Monday, June 9, 2008

Reign Of Discordia Design Diary 1 - Healing and True20

Let's admit it, healing in True20 is a bitch. There really isn't any way around it. If you're unlucky enough to be rolling badly on a given night, you could very quickly run out of Conviction points and be sidelined very early in any given game session. It's easy enough to break the rules in a fantasy setting; just give your guy a healing potion and he's back up and ready for more. Modern and scifi games that omit the majority of the supernatural and fantastic elements have a real problem to contend with: the ease of character death.

I've said many times that Reign of Discordia is intended to be a bit like retro-70s scifi. But what exactly do I mean by that? Here are a couple examples off the top of my head. The original Battlestar Galactica was really a pretty dark setting, yet things still looked bright and shiny, and the heroes rarely took a hit. Within a few episodes after this great interplanetary apocalypse, there were discos and upscale restaurants in this "rag-tag fugitive fleet." Wow, talk about seizing the day! How about where everyone suffered under the oppression of the Galactic Empire in Star Wars, yet the characters were irrepressible and naively heroic? Battles were big, blasters were the great peacekeepers, and no matter how dark things got, there was always room for heroics!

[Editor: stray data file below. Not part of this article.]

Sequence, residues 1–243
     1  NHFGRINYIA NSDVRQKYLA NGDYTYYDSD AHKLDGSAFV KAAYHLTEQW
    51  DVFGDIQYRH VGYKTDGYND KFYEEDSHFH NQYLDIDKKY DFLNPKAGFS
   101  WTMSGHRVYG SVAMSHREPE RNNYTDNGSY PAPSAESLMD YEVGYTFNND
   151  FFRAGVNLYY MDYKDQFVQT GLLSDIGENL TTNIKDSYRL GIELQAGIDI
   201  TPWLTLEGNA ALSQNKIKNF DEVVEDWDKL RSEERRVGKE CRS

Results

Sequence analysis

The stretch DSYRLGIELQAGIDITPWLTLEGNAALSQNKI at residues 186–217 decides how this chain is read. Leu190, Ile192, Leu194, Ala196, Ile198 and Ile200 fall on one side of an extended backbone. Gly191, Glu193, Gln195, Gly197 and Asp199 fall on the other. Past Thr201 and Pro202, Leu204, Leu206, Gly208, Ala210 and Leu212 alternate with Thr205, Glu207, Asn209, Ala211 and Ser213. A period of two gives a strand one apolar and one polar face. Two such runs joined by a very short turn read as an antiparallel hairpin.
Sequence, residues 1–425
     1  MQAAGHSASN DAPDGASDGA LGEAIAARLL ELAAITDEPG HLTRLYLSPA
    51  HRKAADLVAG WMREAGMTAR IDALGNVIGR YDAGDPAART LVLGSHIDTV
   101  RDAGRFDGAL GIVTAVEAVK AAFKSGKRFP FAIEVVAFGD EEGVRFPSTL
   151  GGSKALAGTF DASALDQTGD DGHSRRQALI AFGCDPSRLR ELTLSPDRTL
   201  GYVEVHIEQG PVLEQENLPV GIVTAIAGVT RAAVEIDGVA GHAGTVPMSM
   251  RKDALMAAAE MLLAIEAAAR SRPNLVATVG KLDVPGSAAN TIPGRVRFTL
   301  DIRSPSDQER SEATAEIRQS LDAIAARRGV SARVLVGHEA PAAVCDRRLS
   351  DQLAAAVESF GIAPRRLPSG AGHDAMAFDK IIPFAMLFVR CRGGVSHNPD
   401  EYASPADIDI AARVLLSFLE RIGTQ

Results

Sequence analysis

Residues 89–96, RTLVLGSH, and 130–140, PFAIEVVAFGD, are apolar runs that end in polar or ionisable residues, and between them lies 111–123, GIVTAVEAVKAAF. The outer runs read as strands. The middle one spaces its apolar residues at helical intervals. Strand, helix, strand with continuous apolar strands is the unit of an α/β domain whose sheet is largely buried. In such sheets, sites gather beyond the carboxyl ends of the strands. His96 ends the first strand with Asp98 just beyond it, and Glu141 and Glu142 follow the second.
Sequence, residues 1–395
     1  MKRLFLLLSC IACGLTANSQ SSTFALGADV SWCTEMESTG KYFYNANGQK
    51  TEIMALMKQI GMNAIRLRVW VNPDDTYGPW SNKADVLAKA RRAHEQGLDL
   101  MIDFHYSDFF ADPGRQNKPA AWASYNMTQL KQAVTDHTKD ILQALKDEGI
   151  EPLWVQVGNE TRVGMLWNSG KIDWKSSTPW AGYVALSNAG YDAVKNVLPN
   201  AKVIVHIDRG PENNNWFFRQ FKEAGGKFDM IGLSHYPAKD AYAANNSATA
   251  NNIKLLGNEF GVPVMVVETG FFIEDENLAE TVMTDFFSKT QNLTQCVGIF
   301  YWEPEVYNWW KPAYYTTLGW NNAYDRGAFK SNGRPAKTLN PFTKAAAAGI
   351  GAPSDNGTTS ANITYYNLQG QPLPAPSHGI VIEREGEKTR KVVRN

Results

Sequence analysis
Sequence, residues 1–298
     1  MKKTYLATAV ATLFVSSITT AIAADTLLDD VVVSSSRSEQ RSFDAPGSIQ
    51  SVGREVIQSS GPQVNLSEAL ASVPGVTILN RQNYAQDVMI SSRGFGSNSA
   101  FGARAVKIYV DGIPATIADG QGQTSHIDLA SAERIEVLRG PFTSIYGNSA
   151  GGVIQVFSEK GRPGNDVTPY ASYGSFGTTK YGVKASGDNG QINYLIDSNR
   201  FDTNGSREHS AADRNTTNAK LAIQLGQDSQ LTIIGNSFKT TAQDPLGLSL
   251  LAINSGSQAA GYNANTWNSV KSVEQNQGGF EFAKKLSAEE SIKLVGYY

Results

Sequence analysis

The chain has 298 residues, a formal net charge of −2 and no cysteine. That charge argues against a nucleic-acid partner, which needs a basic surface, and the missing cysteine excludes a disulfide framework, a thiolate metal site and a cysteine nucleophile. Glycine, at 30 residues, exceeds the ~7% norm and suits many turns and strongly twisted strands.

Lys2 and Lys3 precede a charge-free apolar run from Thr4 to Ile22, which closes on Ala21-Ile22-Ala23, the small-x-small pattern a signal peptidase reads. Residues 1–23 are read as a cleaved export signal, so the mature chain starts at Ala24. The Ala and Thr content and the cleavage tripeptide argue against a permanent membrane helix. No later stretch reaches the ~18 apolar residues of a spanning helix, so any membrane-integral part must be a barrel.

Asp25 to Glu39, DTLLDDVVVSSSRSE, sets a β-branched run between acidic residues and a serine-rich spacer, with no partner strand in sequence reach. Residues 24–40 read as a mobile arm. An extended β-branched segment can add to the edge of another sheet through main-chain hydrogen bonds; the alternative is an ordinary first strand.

Reign of Discordia is not Star Wars, nor is it the original Battlestar Galactica, and there are certainly no disco joints after 99% of the human species has been wiped out. In fact, in this setting Humanity is far from wiped out, though it does face some very serious threats. Despite the political chaos that has shaped the setting and brought poverty, oppression, chaos, and pain to the people, there is room for the irrepressible characters - the heroes, the scoundrels, and the loyal sidekicks. There is room in this setting for swinging across a chasm that drops hundreds of feet into the depths of some industrial beast while people are shooting at you from all directions. Of course, where there is room for heroics, there is also room for unforgiving miserable failure. Suppose Luke Skywalker had swung Leia to the other side of the chasm, only to catch a blaster bolt to the chest, and was reduced to Disabled status. Would that be the end of Luke? In the Star Wars verse, it would be a flesh wound and he'd continue on, even while the guys in full armor take lesser hits and fall down dead.

True20, by default, is a little more deadly than that. The trick was to create a mechanic where there would be less punnishment for doing what you're supposed to be best at: being a hero. Now, I reiterate, if this were a fantasy setting, a simple healing potion would do the trick. The problem is that Reign of Discordia tries to stick mostly with things that can be explained by science. Adepts are present within the setting, but they're pretty rare and they have a limited selection of powers. With no cleric and no healing potions, how exactly is a character supposed to achieve these great heroic feats, even in the face of a good shot by an NPC?